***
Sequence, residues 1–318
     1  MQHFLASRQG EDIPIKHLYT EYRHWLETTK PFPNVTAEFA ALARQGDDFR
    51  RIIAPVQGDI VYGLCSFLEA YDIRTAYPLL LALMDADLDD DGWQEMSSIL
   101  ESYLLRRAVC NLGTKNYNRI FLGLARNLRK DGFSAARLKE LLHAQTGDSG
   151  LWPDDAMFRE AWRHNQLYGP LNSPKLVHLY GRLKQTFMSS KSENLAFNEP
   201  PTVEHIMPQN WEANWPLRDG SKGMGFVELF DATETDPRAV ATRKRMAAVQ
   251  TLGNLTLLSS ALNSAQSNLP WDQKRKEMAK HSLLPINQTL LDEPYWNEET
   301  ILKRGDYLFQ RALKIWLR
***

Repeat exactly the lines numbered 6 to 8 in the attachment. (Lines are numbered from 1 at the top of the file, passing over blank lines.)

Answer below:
   201  PTVEHIMPQN WEANWPLRDG SKGMGFVELF DATETDPRAV ATRKRMAAVQ
   251  TLGNLTLLSS ALNSAQSNLP WDQKRKEMAK HSLLPINQTL LDEPYWNEET
   301  ILKRGDYLFQ RALKIWLR